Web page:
More worrying was the fact that she was hooked up to an intravenous drip during the podcast. “So on-brand for both of us,” Cole mused, “we pod and IV at the same time!” The drip, we are told, contained “good old-fashioned vitamins”.
While it should be pointed out that most of this is perfectly normal behaviour for any wealthy person in California, where health fads have attained an almost religious status, it does show how phenomenally out of touch with the common person Paltrow has become. Her Goop brand, and its obsession with coffee enemas and vaginal saunas, seems aimed primarily at the self-obsessed rich, and has become symbolic of the hollow echo chamber represented by large swathes of the ‘wellness industry’.
And yet there is another way of looking at Paltrow’s life story, a version in which, instead of being cast aside in middle age by sexist, ageist Hollywood, she drew back from acting, first to care for her children, then to start a business that tapped into new trends in preventive healthcare and made her a cult figure to many. A lot of her remedies and treatments are amusing, even fun, and some may have actual health benefits. In many ways, Paltrow is a self-made person: so why do so many people not like her?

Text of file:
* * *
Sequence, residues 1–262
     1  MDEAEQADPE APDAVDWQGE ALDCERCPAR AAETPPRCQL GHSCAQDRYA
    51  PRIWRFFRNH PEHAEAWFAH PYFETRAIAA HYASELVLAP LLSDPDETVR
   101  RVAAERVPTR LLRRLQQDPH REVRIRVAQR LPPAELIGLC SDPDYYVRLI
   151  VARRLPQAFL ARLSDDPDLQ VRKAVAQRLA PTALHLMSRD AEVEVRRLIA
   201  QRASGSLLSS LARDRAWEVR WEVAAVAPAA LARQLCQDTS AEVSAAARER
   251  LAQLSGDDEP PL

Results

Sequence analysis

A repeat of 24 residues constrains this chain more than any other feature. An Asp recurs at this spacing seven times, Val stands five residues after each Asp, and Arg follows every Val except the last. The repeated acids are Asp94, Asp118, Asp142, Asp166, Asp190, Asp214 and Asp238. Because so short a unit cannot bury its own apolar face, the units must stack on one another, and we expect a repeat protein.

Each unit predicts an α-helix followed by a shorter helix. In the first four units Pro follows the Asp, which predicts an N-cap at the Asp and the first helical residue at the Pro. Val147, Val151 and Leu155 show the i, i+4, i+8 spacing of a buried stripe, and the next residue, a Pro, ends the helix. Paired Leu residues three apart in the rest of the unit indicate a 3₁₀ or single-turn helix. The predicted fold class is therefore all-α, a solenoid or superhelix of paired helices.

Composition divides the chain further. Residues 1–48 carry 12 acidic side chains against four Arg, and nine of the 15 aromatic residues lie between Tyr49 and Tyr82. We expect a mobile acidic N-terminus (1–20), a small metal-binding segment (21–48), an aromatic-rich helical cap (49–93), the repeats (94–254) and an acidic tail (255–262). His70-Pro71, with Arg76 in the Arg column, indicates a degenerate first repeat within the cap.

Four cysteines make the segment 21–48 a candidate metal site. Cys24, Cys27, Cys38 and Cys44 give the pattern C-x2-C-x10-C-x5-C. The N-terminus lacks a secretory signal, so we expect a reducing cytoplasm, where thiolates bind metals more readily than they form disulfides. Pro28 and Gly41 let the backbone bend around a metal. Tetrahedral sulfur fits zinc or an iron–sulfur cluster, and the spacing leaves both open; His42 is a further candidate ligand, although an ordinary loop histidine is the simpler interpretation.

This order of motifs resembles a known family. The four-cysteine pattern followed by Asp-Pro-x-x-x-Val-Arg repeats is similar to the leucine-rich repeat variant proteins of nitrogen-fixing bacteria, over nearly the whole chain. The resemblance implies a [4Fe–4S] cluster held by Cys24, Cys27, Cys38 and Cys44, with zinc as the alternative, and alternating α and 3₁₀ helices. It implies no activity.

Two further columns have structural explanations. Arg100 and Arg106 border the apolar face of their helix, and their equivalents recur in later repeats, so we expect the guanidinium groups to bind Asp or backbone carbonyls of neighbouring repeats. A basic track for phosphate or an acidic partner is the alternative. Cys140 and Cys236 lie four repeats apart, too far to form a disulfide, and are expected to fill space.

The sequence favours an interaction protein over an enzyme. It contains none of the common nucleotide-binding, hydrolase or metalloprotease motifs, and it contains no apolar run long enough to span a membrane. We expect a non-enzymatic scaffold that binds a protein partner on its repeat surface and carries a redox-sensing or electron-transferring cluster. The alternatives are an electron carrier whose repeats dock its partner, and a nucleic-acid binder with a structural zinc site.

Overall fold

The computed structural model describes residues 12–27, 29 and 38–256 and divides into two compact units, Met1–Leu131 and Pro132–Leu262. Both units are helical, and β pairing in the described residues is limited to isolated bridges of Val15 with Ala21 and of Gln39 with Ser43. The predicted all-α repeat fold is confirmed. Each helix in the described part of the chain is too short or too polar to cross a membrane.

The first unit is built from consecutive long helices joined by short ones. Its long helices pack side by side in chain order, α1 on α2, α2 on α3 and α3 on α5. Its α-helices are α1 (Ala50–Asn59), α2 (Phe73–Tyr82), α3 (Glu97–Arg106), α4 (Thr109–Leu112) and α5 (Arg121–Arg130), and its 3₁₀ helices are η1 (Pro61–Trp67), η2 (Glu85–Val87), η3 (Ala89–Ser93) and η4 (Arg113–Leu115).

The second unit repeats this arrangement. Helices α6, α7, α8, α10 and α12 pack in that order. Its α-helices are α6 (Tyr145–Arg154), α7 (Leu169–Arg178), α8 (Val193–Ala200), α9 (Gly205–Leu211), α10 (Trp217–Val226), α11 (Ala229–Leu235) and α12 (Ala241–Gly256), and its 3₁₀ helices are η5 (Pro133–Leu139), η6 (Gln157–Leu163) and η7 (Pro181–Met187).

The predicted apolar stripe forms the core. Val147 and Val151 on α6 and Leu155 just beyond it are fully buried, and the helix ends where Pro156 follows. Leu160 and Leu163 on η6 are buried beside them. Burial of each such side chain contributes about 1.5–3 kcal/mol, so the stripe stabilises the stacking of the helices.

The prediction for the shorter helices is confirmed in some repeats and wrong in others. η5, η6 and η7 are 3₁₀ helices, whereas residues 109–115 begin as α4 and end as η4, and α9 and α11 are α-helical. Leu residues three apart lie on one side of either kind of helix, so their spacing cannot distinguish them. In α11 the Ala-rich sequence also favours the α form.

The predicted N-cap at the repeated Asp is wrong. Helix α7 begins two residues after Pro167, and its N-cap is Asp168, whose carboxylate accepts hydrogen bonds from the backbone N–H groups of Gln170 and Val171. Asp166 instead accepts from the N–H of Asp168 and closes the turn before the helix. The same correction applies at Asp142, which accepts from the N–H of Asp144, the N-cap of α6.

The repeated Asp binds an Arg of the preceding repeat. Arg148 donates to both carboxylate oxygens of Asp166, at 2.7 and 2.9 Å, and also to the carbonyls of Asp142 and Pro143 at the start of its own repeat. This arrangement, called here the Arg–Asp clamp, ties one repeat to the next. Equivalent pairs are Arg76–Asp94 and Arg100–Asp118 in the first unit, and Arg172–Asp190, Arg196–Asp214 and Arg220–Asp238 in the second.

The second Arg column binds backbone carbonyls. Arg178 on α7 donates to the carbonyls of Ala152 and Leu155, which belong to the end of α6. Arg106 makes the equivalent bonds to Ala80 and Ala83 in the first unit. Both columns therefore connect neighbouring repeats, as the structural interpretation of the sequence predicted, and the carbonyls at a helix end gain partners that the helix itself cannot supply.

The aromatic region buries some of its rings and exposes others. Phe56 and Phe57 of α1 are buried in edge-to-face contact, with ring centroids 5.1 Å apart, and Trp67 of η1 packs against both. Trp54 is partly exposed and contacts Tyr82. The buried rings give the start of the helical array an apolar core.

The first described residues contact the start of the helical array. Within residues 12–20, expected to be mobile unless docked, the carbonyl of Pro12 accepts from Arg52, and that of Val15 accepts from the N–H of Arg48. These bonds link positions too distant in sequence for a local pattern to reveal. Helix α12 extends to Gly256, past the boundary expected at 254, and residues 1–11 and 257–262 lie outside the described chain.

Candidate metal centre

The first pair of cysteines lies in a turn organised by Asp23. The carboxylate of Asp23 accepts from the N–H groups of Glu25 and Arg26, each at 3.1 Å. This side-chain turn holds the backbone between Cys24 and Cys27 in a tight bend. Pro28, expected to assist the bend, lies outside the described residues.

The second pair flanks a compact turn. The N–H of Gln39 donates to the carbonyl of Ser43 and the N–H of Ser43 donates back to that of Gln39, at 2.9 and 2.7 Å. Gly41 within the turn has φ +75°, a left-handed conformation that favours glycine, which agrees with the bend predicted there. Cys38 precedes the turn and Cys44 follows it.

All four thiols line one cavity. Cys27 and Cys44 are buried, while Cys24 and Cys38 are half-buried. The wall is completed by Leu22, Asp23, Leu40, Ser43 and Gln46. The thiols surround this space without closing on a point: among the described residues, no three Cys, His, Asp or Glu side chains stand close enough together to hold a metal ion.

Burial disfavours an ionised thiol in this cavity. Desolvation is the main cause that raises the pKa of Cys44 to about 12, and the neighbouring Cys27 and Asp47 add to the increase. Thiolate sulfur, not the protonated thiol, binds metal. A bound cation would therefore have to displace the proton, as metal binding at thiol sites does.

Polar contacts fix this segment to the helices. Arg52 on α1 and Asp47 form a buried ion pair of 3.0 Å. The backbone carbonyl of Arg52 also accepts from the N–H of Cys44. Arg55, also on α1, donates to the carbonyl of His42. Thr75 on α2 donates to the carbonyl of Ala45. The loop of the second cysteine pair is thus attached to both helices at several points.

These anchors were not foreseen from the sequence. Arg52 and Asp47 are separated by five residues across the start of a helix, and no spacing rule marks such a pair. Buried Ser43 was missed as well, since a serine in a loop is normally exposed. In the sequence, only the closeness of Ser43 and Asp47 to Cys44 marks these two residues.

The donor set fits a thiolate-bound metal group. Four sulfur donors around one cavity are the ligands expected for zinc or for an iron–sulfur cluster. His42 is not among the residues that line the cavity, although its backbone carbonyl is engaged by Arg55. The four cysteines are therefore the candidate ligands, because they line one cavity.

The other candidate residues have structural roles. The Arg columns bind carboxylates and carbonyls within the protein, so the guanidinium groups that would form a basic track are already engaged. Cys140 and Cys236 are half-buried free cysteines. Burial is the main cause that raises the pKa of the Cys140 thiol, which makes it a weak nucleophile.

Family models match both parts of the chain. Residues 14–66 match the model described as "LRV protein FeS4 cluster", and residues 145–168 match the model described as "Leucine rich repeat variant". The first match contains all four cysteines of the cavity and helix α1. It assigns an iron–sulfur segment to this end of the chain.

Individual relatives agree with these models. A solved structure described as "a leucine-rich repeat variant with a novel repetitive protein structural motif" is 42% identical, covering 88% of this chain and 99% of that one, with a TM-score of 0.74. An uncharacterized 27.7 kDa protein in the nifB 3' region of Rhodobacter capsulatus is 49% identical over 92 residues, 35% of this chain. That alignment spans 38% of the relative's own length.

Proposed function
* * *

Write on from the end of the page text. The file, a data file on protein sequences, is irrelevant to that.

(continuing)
It probably started with her name: ‘Gwyneth’ is not exactly of the hood, and suggests a rarified and privileged background, absolutely correctly, as it turns out. A nepo baby avant la lettre, Paltrow was the first child of actress Blythe Danner and producer and director Bruce Paltrow. Steven Spielberg is her godfather, and in 1991 gave the young actress a leg up by casting her as Wendy in Hook.
In fairness, Gwynnie had talent, and after surviving an appearance opposite John Travolta in the dreadful musical comedy Shout, she impressed the critics with a gritty turn in the 1993 noir drama Flesh and Bone. She played James Caan’s much younger girlfriend, and prompted the New York Times to describe her as “Blythe Danner’s daughter,” with “her mother’s way of making a camera fall in love with her”.